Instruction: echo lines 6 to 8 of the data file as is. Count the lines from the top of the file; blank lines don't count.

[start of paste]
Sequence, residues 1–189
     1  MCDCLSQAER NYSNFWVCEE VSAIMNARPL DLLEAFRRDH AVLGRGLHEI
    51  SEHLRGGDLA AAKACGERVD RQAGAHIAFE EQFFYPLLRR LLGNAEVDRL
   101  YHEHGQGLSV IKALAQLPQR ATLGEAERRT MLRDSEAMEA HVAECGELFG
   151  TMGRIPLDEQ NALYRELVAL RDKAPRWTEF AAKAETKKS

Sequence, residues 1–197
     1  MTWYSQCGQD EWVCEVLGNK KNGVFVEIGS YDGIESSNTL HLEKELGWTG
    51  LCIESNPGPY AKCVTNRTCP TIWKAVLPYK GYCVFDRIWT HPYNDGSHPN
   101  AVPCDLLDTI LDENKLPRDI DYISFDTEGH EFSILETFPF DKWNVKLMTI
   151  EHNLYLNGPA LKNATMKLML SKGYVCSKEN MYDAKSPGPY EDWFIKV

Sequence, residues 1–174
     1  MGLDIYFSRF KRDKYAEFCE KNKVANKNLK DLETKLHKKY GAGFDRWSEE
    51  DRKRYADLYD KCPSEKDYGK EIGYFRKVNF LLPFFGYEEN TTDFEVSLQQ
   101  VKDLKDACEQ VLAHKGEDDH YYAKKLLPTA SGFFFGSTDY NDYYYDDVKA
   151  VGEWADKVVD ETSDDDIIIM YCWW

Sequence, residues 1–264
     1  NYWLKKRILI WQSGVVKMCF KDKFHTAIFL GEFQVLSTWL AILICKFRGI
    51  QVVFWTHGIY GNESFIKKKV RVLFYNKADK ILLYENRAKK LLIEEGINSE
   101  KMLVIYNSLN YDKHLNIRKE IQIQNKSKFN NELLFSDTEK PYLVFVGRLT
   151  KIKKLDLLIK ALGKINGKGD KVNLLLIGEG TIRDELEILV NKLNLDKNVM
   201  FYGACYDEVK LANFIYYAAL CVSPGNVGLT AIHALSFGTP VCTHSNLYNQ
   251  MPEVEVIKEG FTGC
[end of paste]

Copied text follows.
Sequence, residues 1–197
     1  MTWYSQCGQD EWVCEVLGNK KNGVFVEIGS YDGIESSNTL HLEKELGWTG
    51  LCIESNPGPY AKCVTNRTCP TIWKAVLPYK GYCVFDRIWT HPYNDGSHPN